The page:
May 02, 2009

Spring in Isabella Plantation

Isabella Plantation is a located near the southwest corner of Richmond Park. Getting to Isabella Plantation on public transportation is quite an endevour. We took the bus to Dysart Arms and walked through the Petersham Gate. We followed the too-infrequent signs and finally found the entrance to the fenced 42-acre garden. On the way out, we took a wrong turn and got totally disoriented. We finally asked directions and the very nice person drove us to a southerly gate. Several buses later, we made our way home.
Despite our transportation travails, Isabella Plantation was definitely worth it! Although the park deputy ranger Lord Sidmouth fenced off the area in 1831, most of what we see now was the work of the park superintendent George Thomson and his head gardener Wally Miller 1951 - 1971. They introduced new varieties of rhododendron and azalea, dug a stream and enlarged the site to include Peg's Pond. More recent changes include a new wild stream in the northern section and reconstructing the Bog Garden.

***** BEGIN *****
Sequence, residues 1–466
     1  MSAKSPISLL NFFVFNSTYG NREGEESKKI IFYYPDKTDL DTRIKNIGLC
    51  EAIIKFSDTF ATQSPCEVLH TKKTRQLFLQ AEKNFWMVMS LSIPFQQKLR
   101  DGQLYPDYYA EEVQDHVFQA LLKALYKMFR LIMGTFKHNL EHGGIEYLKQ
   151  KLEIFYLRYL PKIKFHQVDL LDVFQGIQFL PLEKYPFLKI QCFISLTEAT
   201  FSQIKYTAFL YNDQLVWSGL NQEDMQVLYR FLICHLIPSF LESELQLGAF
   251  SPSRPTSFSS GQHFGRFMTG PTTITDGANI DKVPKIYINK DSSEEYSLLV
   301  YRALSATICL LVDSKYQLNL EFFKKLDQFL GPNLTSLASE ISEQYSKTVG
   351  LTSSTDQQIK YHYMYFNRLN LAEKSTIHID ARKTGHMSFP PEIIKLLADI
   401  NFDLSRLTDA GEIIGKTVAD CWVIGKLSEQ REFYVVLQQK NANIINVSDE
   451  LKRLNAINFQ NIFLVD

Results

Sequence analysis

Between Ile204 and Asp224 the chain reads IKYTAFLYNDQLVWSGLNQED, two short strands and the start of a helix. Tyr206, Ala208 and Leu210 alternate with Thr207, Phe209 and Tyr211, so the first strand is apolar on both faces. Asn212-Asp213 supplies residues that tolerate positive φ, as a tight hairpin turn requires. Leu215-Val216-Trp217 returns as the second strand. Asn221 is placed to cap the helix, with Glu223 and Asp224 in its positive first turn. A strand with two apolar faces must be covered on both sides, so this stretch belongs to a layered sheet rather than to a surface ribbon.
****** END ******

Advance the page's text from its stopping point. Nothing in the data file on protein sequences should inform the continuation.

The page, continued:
Per the Richmond Park website: "The garden now has 15 known varieties of deciduous azalea and houses the national collection of 50 Kurume Azaelas, introduced to the west around 1920 by the plant collector, Ernest Wilson. There are also 50 different species of rhododendron and 120 hybrids." Camellias and magnolias were also in bloom during our visit. Needless to say, we took MANY pictures.

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